Higher ed workers weigh new agreement

2009-09-09T05:45:00Z Higher ed workers weigh new agreementBy Raju Woodward, Gazette-Times Corvallis Gazette Times
September 09, 2009 5:45 am  • 

For now, at least, Oregon State University's 1,200 classified workers won't be striking.

The Oregon University System and Service Employees International Union Local 503 reached an agreement on a new contract late Friday night, ending eight months of bargaining.

"It took longer than we had hoped," said Rick Hampton, the director of labor relations for the Oregon University System. "It was very important that we got it done now because we have faculty bargaining that needs to get done before school starts."

Maggie Neel, president of SEIU Local 083, the union branch that covers OSU, said she's very happy an agreement was reached. As of last week, workers at all seven universities in the state higher education system were ready to walk off the job.

"We weren't looking to strike," Neel said. "And while we weren't thrilled with some of the concessions we made, we knew we needed to be here for the students. Without us, the schools don't run."

The contract proposal, which still must be ratified by a vote of covered employees, includes significant austerity measures to help the state weather the recession.

Under the new two-year deal, classified employees would have to take between eight and 16 days of unpaid furlough, depending on their salaries. Hampton said the idea behind this is to ease the burden on the lowest-paid employees and place more responsibility on the higher-paid ones.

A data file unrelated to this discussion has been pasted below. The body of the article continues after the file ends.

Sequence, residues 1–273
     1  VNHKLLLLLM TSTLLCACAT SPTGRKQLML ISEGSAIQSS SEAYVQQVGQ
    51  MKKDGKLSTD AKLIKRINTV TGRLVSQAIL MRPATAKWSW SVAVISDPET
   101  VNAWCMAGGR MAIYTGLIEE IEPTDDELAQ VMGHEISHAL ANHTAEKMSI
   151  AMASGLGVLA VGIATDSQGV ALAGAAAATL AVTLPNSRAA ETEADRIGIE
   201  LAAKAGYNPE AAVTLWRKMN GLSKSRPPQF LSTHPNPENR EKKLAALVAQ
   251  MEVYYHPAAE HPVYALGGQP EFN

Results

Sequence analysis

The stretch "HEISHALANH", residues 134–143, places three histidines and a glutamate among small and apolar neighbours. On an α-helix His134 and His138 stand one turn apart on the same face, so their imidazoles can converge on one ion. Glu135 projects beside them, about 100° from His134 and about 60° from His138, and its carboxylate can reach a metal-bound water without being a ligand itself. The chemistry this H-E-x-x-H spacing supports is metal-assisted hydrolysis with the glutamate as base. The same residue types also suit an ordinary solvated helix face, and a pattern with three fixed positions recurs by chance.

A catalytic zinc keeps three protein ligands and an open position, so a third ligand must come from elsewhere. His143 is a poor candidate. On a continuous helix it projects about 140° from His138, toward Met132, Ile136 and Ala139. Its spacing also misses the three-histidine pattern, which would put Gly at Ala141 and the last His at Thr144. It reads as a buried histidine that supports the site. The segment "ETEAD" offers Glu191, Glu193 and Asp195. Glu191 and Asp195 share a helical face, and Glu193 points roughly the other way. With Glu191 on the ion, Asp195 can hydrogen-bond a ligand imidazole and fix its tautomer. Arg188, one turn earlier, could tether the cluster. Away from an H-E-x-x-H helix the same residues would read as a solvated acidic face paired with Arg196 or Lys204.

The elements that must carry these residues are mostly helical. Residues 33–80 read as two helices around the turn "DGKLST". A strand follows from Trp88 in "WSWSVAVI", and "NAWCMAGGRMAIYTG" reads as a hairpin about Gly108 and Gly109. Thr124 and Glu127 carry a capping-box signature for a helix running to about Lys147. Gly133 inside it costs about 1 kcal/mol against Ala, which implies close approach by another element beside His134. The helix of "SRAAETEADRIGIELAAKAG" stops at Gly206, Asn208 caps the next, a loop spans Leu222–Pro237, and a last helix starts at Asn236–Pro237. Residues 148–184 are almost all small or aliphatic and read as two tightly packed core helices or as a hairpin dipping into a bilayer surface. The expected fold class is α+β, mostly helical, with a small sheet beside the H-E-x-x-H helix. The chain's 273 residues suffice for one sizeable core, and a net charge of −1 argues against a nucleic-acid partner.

There would also be no cost-of-living adjustments and no salary increases until Sept. 10, 2010, unless an employee is reclassified or promoted.

While there have been wage freezes before, Neel said, this is the first time OSU's classified employees would be required to take unpaid furlough days.

The agreement is similar to one SEIU Local 503 reached with Gov. Ted Kulongoski six weeks ago for workers at other state agencies.

Neel said the union is going to do its best to complete the ratification process by Oct. 16. The union plans to hold informational meetings to educate its members on the new contract agreement before the ballots go out.

"I know some of the employees won't be happy," Neel said. "But I think they do a good job of understanding that there is no money out there for our budget."

Neel said she hopes the union's members will vote in the new agreement because it will prevent cuts to staffs that are already stretched thin. Saving jobs was one of the main sticking points of the agreement.

"Why did we ask for unpaid furlough and pay freezes? We did it to save jobs," Hampton said. "We don't want to have to lay anyone off unless it's absolutely necessary. This crosses across all employees. We want to preserve as many jobs as we can."

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